Organisations have pledged to “rebuild the internet so that it returns to the ideals set out by its founders”.

Mojeek, a British-built independent search engine that claims to put the people who use it first, has joined forces with organisations and industry leaders in creating and signing the Privacy Pledge.

Companies and groups to join include Proton (encrypted email), The Tor Project (third party tracking blocker), Threema, (secure chat) and David Carroll (a data protection academic).

The pledge sets out a set of principles that they believe all companies and organisations should hold themselves to if they are going to build a better internet where privacy is the default setting.

“This addiction to personal data has stripped us of our rights. But together we will restore them,” said Colin Hayhurst, CEO of Mojeek.

“Building an entirely independent search engine is not an easy undertaking. We’re going up against some of the most influential companies in history, and they won’t let go of their power easily. 

“Only through collective action, working with like-minded organisations and privacy-conscious people all over the world, can we make this change that the internet so desperately needs.”

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The Privacy Pledge has five principles: the internet should be built to serve people; organisations should only collect data that are necessary for them to prevent abuse and deliver their services; people’s data should be securely encrypted; online organisations should be transparent about their identity and software; web services should be interoperable.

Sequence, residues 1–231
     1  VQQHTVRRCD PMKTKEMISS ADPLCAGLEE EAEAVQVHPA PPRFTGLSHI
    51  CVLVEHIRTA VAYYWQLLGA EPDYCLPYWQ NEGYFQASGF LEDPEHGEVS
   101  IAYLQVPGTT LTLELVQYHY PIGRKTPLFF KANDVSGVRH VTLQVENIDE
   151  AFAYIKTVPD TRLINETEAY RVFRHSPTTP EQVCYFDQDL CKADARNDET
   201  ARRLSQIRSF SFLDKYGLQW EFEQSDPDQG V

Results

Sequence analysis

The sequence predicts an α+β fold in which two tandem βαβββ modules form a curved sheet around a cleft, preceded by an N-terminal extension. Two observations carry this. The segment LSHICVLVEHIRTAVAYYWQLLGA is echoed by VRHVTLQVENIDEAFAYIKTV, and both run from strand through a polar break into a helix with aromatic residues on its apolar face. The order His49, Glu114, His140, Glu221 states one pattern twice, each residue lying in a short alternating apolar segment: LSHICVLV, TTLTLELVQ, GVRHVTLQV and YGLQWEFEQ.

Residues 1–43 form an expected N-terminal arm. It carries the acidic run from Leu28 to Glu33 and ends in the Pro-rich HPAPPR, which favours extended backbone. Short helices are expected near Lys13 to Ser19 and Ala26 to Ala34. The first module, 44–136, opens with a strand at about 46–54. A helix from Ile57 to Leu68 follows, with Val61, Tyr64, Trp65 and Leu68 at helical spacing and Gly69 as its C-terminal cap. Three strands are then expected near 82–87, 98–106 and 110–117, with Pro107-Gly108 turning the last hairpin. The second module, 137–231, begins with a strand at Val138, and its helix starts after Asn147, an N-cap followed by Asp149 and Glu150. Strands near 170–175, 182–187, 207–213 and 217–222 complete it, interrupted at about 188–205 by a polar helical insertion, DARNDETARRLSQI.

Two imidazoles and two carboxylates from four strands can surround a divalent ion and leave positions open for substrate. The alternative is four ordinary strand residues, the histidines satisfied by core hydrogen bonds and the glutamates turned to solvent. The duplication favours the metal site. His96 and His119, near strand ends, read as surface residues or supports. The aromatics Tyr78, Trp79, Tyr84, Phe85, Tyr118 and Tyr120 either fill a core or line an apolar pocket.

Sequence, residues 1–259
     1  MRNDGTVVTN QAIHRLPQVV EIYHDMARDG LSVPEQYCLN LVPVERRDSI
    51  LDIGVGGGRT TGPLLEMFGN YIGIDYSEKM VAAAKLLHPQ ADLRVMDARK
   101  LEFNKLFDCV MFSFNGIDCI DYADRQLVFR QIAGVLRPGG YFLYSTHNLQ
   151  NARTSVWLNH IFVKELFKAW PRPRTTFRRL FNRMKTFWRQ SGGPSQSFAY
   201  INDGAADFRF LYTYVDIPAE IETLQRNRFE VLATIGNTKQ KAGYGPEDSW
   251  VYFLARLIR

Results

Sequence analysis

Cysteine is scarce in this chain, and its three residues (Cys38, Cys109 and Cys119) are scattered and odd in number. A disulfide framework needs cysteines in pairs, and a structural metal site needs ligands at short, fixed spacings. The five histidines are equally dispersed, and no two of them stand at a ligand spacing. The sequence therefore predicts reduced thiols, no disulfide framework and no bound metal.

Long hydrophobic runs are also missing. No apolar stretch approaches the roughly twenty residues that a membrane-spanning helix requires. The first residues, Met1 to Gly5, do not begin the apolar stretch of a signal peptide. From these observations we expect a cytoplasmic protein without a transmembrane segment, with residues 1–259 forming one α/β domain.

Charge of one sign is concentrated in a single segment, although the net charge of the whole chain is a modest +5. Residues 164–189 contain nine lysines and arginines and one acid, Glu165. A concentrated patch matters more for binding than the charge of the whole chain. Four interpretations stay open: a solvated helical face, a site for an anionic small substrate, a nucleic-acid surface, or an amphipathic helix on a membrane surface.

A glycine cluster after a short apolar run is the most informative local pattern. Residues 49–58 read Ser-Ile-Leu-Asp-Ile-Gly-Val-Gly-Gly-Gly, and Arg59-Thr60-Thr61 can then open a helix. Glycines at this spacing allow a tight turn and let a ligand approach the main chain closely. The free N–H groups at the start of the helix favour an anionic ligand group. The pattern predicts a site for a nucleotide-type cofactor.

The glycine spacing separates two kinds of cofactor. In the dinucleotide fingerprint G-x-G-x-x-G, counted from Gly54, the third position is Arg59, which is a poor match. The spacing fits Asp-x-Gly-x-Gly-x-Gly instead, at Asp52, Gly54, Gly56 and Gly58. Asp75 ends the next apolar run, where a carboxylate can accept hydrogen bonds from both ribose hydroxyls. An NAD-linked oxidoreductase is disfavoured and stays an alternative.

Hayhurst says that Mojeek is at the forefront of a growing movement of privacy-focused companies that ‘lets people choose what happens to data’, developed as a completely independent web search engine with no tracking, that could be used by people across the world.

The Privacy Pledge isn’t meant to promote a particular service or endorse a particular piece of legislation. Its goal is to elevate fundamental principles that will guide us toward a private-by-default internet.

The signatories of the Privacy Pledge said: “We launched the Privacy Pledge in response to the public demand for an internet that gives you control of your privacy.

“We believe that if more companies hold themselves to these standards, the internet will once again serve people and not Big Tech. It will be more open and more accessible for everyone. And it will support democratic values, free access to information, and the fundamental right to privacy.”

Read the entire Privacy Pledge here and see the full list of the companies involved.

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